Parent-communicated approval is priceless for good decisions your child makes.

How Parent Approval Affects Decisions Made by Their Kids

by Anita Holmes

Sincere approval communicated by parents to their children is as welcome as a summer rain on parched plants. Consistently catching children "doing good" and providing positive feedback, whether through a swift pat on the shoulder or a short "Way to go," conveys a job well done. Appropriately delivered parent approval, over the years, is a powerful determiner for kids making positive choices later in life.

1. Laying the Foundation

Master teachers apply an 8:1 ratio of positive-to-corrective feedback with students. They often refer to this practice as catching a student "doing good." Parents are the ultimate teachers of their children. As exasperating as kids can be at all ages, you have the opportunity to consciously establish a pattern of noticing the brief moments when your child makes a good choice, and expressing this to them. For instance: Three-year-old Amanda hands her younger cousin Ben a favored car to play with. Instead of letting this moment pass unnoticed, take a second to acknowledge it. Quick words of praise, "Amanda, sharing the car with Ben was a nice thing to do," serve many important parenting purposes. Among them, sharing parent approval for their choice helps your child begin fostering a feel for appropriate decisions versus poor choices. In this example, the choice focused on proper social interactions.

2. Perfecting the Process

How do you create a new habit? Try employing the new behavior on 21 occasions over a short period. Pursue practice opportunities on the home front for you, as the parent, to catch your child "doing good." For instance, 13-year-old Gregg enjoys backyard coaching his younger brother in baseball. Catch Gregg helping his sibling, and give him a thumbs-up. Make looking for opportunities to communicate parent approval a daily priority. Establishing a consistent pattern of displaying parent approval provides important feedback on good-decision-making to the kids.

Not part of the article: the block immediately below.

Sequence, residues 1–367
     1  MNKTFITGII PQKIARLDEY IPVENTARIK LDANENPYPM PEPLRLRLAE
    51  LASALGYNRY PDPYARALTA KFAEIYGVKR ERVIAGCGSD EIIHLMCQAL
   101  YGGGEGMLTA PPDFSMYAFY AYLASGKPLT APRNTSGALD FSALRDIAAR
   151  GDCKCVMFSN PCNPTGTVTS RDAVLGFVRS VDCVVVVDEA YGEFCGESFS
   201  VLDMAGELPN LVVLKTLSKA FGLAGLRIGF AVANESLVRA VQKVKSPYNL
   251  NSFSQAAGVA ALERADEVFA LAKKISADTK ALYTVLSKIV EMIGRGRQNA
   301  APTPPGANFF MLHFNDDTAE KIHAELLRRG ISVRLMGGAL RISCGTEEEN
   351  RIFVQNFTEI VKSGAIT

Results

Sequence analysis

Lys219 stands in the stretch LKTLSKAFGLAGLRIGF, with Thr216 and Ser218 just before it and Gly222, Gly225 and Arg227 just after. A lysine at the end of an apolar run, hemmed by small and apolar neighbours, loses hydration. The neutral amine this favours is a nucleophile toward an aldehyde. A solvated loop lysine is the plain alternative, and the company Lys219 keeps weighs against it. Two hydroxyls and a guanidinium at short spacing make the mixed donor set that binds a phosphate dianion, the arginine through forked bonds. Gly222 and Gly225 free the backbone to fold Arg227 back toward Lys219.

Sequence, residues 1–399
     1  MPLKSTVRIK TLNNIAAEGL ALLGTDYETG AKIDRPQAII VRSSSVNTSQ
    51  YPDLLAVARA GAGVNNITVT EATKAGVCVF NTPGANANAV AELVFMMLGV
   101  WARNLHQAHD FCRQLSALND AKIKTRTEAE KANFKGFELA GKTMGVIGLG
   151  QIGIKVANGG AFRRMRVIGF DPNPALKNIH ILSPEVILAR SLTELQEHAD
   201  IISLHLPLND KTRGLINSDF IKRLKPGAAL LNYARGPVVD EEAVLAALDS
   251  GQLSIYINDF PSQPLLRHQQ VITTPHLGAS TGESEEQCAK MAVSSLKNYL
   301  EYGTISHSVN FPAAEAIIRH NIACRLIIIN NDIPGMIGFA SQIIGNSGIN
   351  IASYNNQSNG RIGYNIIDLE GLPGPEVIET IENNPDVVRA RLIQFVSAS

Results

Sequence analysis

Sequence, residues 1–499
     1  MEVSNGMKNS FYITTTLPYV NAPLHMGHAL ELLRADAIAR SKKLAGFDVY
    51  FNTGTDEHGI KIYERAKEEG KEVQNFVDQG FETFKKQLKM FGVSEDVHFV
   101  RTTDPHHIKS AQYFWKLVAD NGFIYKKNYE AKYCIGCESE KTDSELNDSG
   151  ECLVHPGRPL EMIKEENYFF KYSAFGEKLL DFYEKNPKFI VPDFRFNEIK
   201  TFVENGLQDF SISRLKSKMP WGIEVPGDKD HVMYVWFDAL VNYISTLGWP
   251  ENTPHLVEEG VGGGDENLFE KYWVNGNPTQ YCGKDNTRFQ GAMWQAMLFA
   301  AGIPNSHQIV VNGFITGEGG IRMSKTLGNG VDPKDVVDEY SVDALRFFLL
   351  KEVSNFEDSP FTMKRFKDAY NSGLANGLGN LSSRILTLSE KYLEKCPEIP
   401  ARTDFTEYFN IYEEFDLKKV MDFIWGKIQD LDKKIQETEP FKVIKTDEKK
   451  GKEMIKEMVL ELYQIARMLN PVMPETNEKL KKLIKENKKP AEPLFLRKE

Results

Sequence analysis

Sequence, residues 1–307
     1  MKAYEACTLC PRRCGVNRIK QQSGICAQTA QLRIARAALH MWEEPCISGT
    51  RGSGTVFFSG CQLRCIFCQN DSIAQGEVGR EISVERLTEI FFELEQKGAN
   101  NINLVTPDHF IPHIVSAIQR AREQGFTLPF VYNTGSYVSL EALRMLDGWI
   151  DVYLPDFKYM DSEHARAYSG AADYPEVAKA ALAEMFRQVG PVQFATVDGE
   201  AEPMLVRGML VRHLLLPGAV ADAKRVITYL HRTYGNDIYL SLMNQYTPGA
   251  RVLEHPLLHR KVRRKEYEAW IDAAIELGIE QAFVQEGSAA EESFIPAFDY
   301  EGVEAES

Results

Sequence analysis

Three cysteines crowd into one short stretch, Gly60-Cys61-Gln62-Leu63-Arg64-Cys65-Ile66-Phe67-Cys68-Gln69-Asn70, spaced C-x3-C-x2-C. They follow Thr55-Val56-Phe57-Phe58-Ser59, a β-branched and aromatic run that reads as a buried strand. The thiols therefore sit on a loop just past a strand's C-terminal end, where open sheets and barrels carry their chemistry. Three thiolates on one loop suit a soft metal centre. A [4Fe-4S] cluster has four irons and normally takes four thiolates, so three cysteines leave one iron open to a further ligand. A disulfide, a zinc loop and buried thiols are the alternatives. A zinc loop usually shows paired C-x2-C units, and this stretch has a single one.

3. The Feedback Loop

If you share parent approval but get a blank look from your child for your efforts, take a moment to briefly explain the ramifications of her decision-making. The younger the child, the simpler the terms. Amanda might not readily understand why giving the car to Ben was nice. An effective explanation could be, "Amanda, look how Ben's smiling. When you shared your car, he was happy." For pre-teens and teens, a more effective approach is to open up the discussion by asking your child, "What did you do? Why was it a good decision?" Guiding the soon-to-be-young-adult through a reasoning process with them verbalizing what happened can be more valuable than you doing all of the talking.

4. Generalizing: Practice Opportunites Outside the Home

Learning begins in the home. Providing parent approval that fosters good decision-making by your kids is one important concept that commences at home. Once you have established a pattern of communicating parent approval for kid-initiated decisions on the home front, watch for opportunities to deliver parent approval of your child in the community. As your 17-year-old decides on his first car purchase or your rambunctious 4-year-old wavers grabbing for fruit in the grocery store, continue monitoring their choices, and communicate approval for "doing good" while taking a moment for feedback on less-than-positive decisions. These are small parenting steps that, when consistently employed, will reap huge benefits by both you and your kids. Consistently applied parent approval positively affects your kids' decision-making abilities.

References

  • Between Parent and Child; Dr. Haim Ginott

About the Author

A retired teacher, Anita Holmes is an experienced seamstress, wood worker and home decor specialist. She's designed and constructed new homes, gardens, remodeled multiple homes, built furniture, decks and cabinets and sewn everything from custom drapes to intricate quilts. Holmes holds a Master of Public Administration degree.

Photo Credits

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